Jasin Boland/Marvel Studios
‘‘Thor: Ragnarok’’ thundered to one of the year’s best box-office debuts with an estimated $121 million domestically, proving again the might of the Walt Disney Co.
The robust debut for Marvel’s third ‘‘Thor’’ movie was a welcome shot in the arm for Hollywood and theater owners who have suffered through a terrible October at the box office. ‘‘Thor: Ragnarok’’ also bucked the trend of diminishing returns for sequels. The 2011 ‘‘Thor’’ debuted with $65.7 million; 2013’s ‘‘Thor: The Dark World’’ opened with $85.7 million.
‘‘In this business, it’s not often you see the second and third installments in the franchise outpacing the previous issue,’’ said David Hollis, Disney’s distribution chief. ‘‘You don’t expect never-ending returns when it comes to sequels, but it definitely speaks to the quality of the talent at the Marvel Studios team and the way they’re thinking about each film out of the gate.’’
The weekend’s other new nationwide release, STX Entertainment’s ‘‘A Bad Moms Christmas,’’ opened with $17 million over the weekend and $21.6 million since opening Wednesday, according to studio estimates Sunday. The holiday-themed sequel, which returns stars Mila Kunis, Kristen Bell, and Kathryn Hahn, came in shy of the 2016 original’s $23.8 million opening.
But the big story was ‘‘Thor,’’ which also grossed $151.4 million in its second week of international release. The film has, in 10 days, made $427 million worldwide.
Disney isn’t alone in being able to roll out such blockbusters but three of the year’s five $100 million-plus releases are theirs. (Disney’s other two are ‘‘Beauty and the Beast’’ and ‘‘Guardians of the Galaxy Vol. 2.”) The studio has recently, as reported by The Wall Street Journal last week, pushed new terms to theater owners, saying it will demand a 65 percent cut of ticket sales for its upcoming ‘‘Star Wars’’ film ‘‘The Last Jedi,’’ as opposed to the more typical 60 percent.
Hollis declined to discuss the studio’s negotiations with theaters but said, ‘‘We’re hopeful that our big films will help drive our mutual success.’’
The Los Angeles Times also said Friday that Disney barred its critic from attending ‘‘Thor: Ragnarok’’ after the paper published an investigative report about Disneyland’s business ties with the city of Anaheim. In a statement Friday, Disney said that the two-piece report showed ‘‘a complete disregard for basic journalistic standards.’’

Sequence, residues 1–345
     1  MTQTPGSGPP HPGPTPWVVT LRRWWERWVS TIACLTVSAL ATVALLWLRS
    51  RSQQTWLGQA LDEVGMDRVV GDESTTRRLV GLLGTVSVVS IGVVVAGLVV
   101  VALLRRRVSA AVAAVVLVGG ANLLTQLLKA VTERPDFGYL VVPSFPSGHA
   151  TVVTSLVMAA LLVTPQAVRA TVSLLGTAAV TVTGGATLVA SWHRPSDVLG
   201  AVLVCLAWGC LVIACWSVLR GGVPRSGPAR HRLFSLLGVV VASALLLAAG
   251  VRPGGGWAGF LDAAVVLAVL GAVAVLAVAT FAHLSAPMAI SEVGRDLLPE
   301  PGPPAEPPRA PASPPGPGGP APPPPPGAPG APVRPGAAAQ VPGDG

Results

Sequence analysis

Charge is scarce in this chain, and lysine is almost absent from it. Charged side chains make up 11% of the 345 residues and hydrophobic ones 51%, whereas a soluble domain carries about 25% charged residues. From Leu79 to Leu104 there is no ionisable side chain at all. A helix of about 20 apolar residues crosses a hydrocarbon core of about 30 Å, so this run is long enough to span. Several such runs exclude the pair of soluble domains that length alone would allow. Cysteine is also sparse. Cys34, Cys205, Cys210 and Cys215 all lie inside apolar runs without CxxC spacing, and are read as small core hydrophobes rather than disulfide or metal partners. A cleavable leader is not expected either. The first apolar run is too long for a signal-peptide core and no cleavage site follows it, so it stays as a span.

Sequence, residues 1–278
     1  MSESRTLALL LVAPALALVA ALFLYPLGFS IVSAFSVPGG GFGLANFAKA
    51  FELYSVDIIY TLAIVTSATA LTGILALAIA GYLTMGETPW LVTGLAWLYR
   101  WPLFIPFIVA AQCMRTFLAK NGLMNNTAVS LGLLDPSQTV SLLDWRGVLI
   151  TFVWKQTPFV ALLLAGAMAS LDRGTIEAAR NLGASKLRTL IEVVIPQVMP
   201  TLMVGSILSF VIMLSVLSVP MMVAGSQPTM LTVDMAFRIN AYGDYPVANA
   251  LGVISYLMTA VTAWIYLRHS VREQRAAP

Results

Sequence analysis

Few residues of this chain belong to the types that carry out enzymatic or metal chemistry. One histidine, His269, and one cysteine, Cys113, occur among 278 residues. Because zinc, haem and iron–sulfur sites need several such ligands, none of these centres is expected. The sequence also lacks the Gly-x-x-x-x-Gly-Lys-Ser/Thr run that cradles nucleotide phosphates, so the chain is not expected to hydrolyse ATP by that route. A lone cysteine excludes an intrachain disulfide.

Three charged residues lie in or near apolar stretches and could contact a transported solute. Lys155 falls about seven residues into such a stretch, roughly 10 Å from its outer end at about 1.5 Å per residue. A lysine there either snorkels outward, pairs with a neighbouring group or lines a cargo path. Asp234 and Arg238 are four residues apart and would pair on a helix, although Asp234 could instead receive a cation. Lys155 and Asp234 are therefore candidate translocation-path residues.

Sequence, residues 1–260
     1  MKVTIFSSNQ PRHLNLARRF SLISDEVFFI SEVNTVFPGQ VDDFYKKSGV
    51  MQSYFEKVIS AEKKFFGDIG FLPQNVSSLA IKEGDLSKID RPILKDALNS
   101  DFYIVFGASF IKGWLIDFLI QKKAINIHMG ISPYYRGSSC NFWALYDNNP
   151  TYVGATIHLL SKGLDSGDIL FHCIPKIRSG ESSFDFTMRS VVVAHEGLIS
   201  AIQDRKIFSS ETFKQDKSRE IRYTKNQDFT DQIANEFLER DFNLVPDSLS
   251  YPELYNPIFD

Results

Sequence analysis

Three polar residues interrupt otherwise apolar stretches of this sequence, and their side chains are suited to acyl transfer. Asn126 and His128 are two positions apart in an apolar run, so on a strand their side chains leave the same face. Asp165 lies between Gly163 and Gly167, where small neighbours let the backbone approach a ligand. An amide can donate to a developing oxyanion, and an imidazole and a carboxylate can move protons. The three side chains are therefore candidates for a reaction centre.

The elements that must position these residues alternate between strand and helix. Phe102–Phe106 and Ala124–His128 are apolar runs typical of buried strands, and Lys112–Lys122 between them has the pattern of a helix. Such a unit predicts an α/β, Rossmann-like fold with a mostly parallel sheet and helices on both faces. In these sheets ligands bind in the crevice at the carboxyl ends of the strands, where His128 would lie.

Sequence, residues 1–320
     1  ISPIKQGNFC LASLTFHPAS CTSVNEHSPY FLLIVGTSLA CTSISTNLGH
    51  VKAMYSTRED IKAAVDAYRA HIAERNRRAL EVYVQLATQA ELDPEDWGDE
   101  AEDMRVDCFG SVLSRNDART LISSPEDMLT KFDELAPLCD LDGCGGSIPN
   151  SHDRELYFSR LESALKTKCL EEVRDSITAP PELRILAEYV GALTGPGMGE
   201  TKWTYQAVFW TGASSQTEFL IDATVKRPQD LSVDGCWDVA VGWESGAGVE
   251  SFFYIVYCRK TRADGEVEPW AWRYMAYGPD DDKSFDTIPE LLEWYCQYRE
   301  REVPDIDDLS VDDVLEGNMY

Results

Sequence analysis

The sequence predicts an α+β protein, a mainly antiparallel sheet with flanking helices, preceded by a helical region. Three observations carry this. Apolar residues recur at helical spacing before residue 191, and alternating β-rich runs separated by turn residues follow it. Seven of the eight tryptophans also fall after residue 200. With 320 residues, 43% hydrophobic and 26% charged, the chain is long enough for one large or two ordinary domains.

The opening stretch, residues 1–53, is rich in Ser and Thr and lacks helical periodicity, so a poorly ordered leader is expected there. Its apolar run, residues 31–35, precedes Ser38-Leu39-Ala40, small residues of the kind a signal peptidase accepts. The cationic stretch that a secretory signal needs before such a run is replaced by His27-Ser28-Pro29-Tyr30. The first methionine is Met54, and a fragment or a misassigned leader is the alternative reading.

The issue of revenue splitting is an acute one for theater owners already fighting against up-and-down ticket sales and mounting competition from streaming outlets. Disney plans to launch a streaming service in 2019 that will include some film releases.
It’s often been feast or famine this year at the box office. August was historically dismal, September swung to record-breaking highs, and October badly slumped with the lowest overall gross in a decade. The year is running down 4.8 percent off last year’s record pace according to comScore.
Paul Dergarabedian, senior media analyst for comScore, expects November will, thanks to ‘‘Thor,’’ Warner Bros.’ ‘‘Justice League,’’ and the Disney-Pixar release ‘‘Coco,’’ swing back up. ‘‘It’s not for the faint of heart,’’ Dergarabedian said. ‘‘The industry has its work cut out for it to make up that nearly 5 percent deficit as we hit the home stretch of what has been an incredibly volatile box-office year.’’
Several films opened in limited release, including Greta Gerwig’s coming-of-age tale ‘‘Lady Bird,’’ with Saoirse Ronan. On four screens in New York and Los Angeles, the A24 release drew some of the most packed theaters of the year with a $93,903 per-screen average.
Rob Reiner’s ‘‘LBJ,’’ with Woody Harrelson, debuted with $1.1 million in 659 theaters. Richard Linklater’s ‘‘Last Flag Flying,’’ with Bryan Cranston, Steve Carell, and Laurence Fishburne, brought in a per-screen average of $10,500 in four theaters.
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